SUMMARY: On the eve of trial and following several failed attempts, the parties settled a personal injury lawsuit for $1.9 million. Plaintiff’s counsel sent a letter confirming the settlement on Jan. 18 and was told on Jan. 25 by insurer’s counsel that it would take “at least” one month to get the check authorized. At a hearing on Feb. 27, the settlement amount remained unpaid because the insurer (Zurich) and its insured (an Australian company) were still working through issues (for example, a $2 million self-insured retention). Eventually, the court ruled that payment was due within 30 days after the January 18 settlement and ordered Zurich to pay 12 percent interest from January 18 until March 27, when the settlement amount was finally paid (see ¶ 13). The interest charge came to more than $23,000.

    The court of appeals affirmed in part and reversed in part in an opinion authored by Judge Stark. First, Wis. Stat. section 628.46(1) did not control because it applies “where an insurer fails to pay an insurance claim within thirty days. Here, Zurich failed to pay a contractual settlement of an insurance claim within thirty days” (¶ 18). The statute’s limited sweep provides parties with flexibility in settling insurance claims (see ¶ 21). Nonetheless, the circuit court properly exercised its discretion in imposing a 30-day limit for payment of the settlement (see ¶ 22). A “reasonable time” is implied in any contract (see id.).

    Finally, the circuit court erred in assessing interest at a rate of 12 percent per year, an amount set forth in the Wis. Stat. section 628.46, which was not applicable. The correct rate of interest was five percent per year, as provided by Wis. Stat. section 138.04 (see ¶ 28).

    Criminal Procedure

    Unlawful Search – Trespass

    State v. Popp, 2014 WI App 100 (filed 30 Sept. 2014) (ordered published 29 Oct. 2014)

    HOLDING: Police officers violated the defendants’ Fourth Amendment rights by trespassing on their property and peering into their windows.

    SUMMARY: A law enforcement agency received an anonymous tip that certain residents of a trailer park were selling and producing drugs. After one resident denied consent to police officers to enter his trailer, the officers instead walked around the trailer and peered inside. The officers believed they saw incriminating evidence within the trailer, based on which a judge issued a search warrant. The defendants were charged with drug-related offenses. The circuit court denied their motion to suppress the evidence observed and found in the trailer.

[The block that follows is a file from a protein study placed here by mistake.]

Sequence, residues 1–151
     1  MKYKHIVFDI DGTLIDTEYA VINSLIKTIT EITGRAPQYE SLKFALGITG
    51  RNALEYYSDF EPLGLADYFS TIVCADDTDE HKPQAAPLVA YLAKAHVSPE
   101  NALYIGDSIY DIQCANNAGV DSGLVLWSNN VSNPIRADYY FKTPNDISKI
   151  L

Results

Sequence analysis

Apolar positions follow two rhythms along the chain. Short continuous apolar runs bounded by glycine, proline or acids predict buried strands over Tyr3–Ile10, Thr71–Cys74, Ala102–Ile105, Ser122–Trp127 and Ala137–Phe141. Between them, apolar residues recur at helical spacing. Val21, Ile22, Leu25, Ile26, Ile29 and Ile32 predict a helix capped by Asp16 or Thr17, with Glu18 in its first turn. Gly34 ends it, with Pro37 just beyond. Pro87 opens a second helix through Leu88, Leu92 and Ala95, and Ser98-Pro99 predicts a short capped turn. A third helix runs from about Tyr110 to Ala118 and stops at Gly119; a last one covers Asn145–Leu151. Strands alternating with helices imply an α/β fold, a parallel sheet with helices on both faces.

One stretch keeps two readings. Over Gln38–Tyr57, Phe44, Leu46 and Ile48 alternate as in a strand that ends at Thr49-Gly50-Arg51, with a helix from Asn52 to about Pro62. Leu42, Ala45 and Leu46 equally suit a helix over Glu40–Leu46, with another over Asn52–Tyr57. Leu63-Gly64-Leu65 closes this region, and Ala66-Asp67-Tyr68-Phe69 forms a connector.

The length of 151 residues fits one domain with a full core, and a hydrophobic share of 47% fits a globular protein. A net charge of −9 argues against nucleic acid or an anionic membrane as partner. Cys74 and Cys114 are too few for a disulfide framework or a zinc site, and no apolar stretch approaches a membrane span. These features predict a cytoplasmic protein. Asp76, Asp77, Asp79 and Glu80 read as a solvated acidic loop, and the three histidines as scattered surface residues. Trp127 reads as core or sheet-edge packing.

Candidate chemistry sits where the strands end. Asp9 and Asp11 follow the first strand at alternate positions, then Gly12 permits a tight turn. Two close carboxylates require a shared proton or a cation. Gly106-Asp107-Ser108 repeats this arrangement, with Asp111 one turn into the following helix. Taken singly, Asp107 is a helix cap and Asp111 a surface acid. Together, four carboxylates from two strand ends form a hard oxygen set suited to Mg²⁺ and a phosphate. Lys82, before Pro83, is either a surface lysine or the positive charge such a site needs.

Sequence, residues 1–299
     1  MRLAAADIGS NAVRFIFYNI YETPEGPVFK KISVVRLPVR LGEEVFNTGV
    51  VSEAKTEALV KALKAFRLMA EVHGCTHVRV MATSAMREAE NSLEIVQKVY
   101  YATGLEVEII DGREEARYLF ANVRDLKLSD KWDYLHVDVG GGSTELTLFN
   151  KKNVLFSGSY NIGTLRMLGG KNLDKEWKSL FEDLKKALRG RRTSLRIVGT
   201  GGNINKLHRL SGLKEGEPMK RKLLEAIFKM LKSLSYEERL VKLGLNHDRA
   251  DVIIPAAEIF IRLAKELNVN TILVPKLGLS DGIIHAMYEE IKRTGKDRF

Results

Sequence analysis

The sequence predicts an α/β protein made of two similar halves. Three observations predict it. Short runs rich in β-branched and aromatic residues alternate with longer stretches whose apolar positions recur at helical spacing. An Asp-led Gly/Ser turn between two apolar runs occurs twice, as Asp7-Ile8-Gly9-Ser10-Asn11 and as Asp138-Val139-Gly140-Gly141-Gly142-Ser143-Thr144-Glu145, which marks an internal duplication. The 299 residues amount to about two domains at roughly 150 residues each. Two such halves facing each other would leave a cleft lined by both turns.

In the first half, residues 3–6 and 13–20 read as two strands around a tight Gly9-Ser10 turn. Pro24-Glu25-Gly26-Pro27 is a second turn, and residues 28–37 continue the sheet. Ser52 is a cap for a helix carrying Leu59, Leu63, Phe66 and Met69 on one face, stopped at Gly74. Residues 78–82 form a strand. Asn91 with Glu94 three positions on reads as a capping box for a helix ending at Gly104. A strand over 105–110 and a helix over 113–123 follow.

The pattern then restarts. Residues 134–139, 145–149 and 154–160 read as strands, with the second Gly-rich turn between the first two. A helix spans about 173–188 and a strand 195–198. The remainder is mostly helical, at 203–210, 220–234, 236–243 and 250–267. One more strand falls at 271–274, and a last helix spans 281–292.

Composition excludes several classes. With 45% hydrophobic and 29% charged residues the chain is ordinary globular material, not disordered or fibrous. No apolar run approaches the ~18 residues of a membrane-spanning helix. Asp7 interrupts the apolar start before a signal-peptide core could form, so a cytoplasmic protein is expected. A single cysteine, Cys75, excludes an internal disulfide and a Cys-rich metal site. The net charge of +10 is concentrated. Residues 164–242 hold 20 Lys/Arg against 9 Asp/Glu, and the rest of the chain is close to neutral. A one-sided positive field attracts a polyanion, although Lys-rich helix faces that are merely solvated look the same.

The court of appeals reversed in an opinion authored by Judge Curley. The police officers trespassed on the defendant’s property when they went up the trailer’s back steps and peered into its windows (see ¶ 20). The holding rests on two recent U.S. Supreme Court cases: Florida v. Jardines, 133 S. Ct. 1409 (2013), and United States v. Jones, 132 S. Ct. 945 (2012).

    Nor did the warrant attenuate the effects of the unlawful search (see ¶ 24). The court excised from the supporting affidavits the evidence obtained from the unlawful search; the balance of the affidavit did not give rise to probable cause for the search warrant (see ¶ 29). Nor could the state rely on the contents of an unverified anonymous phone call (see ¶ 30).

    Miranda Rights – Custody – Physical Evidence

    State v. Ezell, 2014 WI App 101 (filed 17 Sept. 2014) (ordered published 29 Oct. 2014)

    HOLDING: The defendant’s incriminating statements should have been suppressed because of a Miranda violation, but physical evidence found on her person was lawfully seized and supports her conviction.

    SUMMARY: Prison guards detained the defendant while she was visiting her boyfriend in a correctional facility. She admitted that she was smuggling drugs to him. Drugs were found on her person. The circuit court denied the defendant’s motion to suppress, which was based on the guards’ failure to obtain a Miranda waiver before questioning her.

    The court of appeals affirmed in an opinion authored by Chief Judge Brown. The guards violated the defendant’s Miranda rights by not obtaining a waiver before questioning her. The main issue concerned whether she was in “custody” when questioned. The guards were law enforcement officers. “In these circumstances – having been requested by uniformed prison officers with handcuffs to move from a common area through a locked door into an interior, windowless room; being questioned about suspected crimes; and being told police are on the way – a reasonable person would consider herself to be in custody” (¶ 13).

    Despite the Miranda violation, physical evidence (drugs) found on the defendant’s person pursuant to a valid search supported her conviction. Wisconsin case law deviates from federal practice by suppressing physical evidence obtained in violation of Miranda, but only in situations in which the Miranda violation was “intentional.” The record here revealed no such intentional breach of Miranda (see ¶ 15).

    Unlawful Arrest – Detentions

    State v. Anker, 2014 WI App 107 (filed 16 Sept. 2014) (ordered published 29 Oct. 2014)

    HOLDING: The defendant was arrested, not “detained,” by a warden, and the arrest was unlawful because it was not supported by probable cause.

    SUMMARY: Anker was arrested for sixth-offense operating while intoxicated (OWI) after he fled the scene of an accident. A conservation warden observed him walking out of a wooded area, barefoot, with a head wound. The warden arrested him. The circuit court ruled that probable cause supported the arrest.

    The court of appeals reversed in an opinion authored by Reserve Judge Cane. The key issue was whether the warden placed Anker under arrest or instead “detained” him as part of an investigation (see ¶ 15). The circuit court was “unassailably correct” in finding that Anker was under arrest: “Anker was ordered to stop, told he was under arrest, forcibly handcuffed, and taken to [the warden’s] vehicle to be given over to investigating authorities” (¶ 16).